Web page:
Weebly is yet another solution to this dilemma. This site is incredibly easy to use. It's just a matter of drag and drop as well as copy/paste. Weebly also has the added benefit of creating a url that is relatively easy to remember. An example would be "studentnameportfolio.weebly.com." Furthermore, students can continue to add to their portfolio as they continue through school and add throughout their scholastic career. As we outlined last week, blogging is a great way to address common core writing requirements. Weebly offers an easy way to get started with blogging. Watch the tutorial below and see if it is something that would benefit your students.
Common Core Connection
Common Core requires students to know the 4 C's: Collaboration, Communication, Critical Thinking, and Creativity. Having students create an online portfolio that addresses these requirements is an effective approach. When students incorporate all of the tools that you use in your classroom, they have evidence of the 4 C's.
Get your download on!
Chromebooks and the Chrome browser continue to evolve in the education space. There are many apps being created to fit a wide variety of needs. Looking for some free thinking map creation tools?
Thinking map apps we like.
Images are links. Use Google Chrome browser to install apps.
Common Core Connection
It is easy to find apps such as these that will help you achieve your Common Core goals. All of these apps will help you to ENGAGE your students and support both your own and student productivity.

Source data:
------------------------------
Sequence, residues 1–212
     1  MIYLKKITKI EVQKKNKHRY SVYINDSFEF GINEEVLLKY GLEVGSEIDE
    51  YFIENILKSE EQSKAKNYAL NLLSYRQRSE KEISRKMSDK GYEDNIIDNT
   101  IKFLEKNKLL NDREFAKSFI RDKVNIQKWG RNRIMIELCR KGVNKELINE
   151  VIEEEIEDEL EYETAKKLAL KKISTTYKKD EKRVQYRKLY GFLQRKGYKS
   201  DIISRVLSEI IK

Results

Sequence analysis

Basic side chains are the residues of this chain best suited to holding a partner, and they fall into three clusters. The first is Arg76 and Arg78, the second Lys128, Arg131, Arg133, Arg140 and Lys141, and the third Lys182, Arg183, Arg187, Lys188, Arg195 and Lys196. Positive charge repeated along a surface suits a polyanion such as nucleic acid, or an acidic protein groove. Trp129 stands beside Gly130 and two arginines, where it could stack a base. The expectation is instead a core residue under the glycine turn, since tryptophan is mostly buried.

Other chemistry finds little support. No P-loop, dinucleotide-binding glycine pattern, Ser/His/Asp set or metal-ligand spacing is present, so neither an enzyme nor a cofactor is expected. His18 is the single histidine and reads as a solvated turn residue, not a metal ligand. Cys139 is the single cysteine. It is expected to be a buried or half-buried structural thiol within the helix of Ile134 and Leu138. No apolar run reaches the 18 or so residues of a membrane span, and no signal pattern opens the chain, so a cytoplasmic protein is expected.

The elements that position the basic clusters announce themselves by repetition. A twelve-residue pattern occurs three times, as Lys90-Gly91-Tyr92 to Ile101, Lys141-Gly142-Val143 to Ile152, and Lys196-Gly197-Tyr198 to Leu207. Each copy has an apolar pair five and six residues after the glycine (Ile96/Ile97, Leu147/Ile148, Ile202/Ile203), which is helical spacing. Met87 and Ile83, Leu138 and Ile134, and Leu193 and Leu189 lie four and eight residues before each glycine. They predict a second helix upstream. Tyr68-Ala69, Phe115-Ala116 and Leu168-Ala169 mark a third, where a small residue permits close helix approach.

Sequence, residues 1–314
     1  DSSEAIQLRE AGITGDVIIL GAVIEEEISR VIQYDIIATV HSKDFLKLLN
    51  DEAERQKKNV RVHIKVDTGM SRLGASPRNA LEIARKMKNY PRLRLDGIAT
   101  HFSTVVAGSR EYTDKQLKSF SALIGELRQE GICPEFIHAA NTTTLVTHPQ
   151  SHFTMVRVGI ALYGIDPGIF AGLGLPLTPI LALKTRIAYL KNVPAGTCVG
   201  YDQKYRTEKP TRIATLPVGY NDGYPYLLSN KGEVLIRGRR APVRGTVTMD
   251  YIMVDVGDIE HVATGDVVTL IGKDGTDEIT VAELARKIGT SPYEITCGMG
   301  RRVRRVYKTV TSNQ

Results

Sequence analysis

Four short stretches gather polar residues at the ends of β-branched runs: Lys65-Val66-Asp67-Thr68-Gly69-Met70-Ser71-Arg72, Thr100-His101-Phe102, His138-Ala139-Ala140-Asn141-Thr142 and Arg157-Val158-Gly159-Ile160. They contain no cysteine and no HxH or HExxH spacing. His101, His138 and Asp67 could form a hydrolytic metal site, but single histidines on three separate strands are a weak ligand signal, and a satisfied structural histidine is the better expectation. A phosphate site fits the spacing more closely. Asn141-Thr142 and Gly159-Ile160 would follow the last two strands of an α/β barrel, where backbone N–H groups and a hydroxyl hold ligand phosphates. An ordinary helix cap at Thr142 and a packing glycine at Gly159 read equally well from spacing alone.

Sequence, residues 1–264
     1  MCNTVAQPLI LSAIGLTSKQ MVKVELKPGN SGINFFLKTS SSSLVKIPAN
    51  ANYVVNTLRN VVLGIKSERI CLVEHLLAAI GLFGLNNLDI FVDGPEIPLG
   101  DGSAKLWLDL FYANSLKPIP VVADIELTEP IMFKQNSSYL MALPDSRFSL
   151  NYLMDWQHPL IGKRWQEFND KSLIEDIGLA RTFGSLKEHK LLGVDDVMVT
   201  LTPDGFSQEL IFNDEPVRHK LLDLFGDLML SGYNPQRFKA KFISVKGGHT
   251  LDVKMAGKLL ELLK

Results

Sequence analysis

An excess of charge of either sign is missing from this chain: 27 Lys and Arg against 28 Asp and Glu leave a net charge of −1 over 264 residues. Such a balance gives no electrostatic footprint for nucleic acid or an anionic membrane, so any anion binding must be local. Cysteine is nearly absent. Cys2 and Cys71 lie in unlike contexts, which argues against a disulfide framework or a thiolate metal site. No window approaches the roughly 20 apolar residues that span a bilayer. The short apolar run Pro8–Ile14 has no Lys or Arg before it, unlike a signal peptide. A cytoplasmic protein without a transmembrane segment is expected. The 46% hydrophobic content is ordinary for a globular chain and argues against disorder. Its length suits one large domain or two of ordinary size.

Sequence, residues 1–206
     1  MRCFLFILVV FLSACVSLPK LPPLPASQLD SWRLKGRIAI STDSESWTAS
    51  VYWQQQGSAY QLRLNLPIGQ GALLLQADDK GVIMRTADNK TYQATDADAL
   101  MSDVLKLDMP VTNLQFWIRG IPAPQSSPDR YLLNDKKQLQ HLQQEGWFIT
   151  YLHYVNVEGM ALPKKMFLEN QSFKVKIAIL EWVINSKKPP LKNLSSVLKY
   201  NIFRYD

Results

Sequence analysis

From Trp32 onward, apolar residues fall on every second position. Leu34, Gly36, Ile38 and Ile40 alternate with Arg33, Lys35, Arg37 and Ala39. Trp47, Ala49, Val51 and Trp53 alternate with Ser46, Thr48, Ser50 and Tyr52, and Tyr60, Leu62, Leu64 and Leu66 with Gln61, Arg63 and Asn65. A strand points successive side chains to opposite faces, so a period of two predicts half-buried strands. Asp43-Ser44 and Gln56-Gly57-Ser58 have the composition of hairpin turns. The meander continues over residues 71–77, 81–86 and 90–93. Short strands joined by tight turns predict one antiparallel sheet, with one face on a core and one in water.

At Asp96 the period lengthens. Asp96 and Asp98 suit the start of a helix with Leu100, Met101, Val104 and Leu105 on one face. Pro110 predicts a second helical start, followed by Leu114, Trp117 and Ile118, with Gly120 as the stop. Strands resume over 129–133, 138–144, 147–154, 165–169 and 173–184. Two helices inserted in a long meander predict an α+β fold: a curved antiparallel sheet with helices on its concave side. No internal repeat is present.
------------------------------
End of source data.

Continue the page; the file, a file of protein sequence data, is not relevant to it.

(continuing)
Of course, these concept map apps will enable your students to create
thinking maps that define context, develop language, classify and order
concepts, analyze cause and effects, and see analogies. These
"visual maps" will enable your students to organize thinking about complex
relationships so they can be understood, explained and presented.
Google Apps for Education
Palm Springs Unified School District is officially a Google Apps For Education (GAFE) school. All of our students have Google accounts with 30 GB of space. As Educators, this means we can create great content on the web and truly collaborate with our students. Google has been developing their educational sector and is strongly advocating to get into the classroom. Google has definitely infiltrated the classroom with the introduction of the Chromebook. The Chromebook offers an inexpensive way for districts to get technology into the classroom, preparing students for the 21st century.
Google Drive has many tools inside of its suite of apps. We have written a tutorial that outlines how to use some of those web apps. One of the more basic apps within Google Drive is their word processing app called Google Docs. Google docs allows for ultimate collaboration. Students can edit assignments simultaneously. Projects and research papers can now be written as a group, without students having to meet face to face. Students can be in the comfort of their own homes and work on their assignments together, and all they need is an internet connection and their computer/tablet.
Google Docs also automatically saves a copy of your work every six seconds or so. The days of losing your work are over. Not to mention the revision history feature allows you to go back in time to use an older copy of any document, just in a case a students "accidentally" deletes their work.
Common Core Connection
Research is a large focus of the new common core implementation within Google Docs. Students open the research tool, and a search bar opens on the right. Students can seamlessly cite their resources when doing their research in MLA, APA, and Chicago style formats. This is also a great way to reinforce copyright laws as well.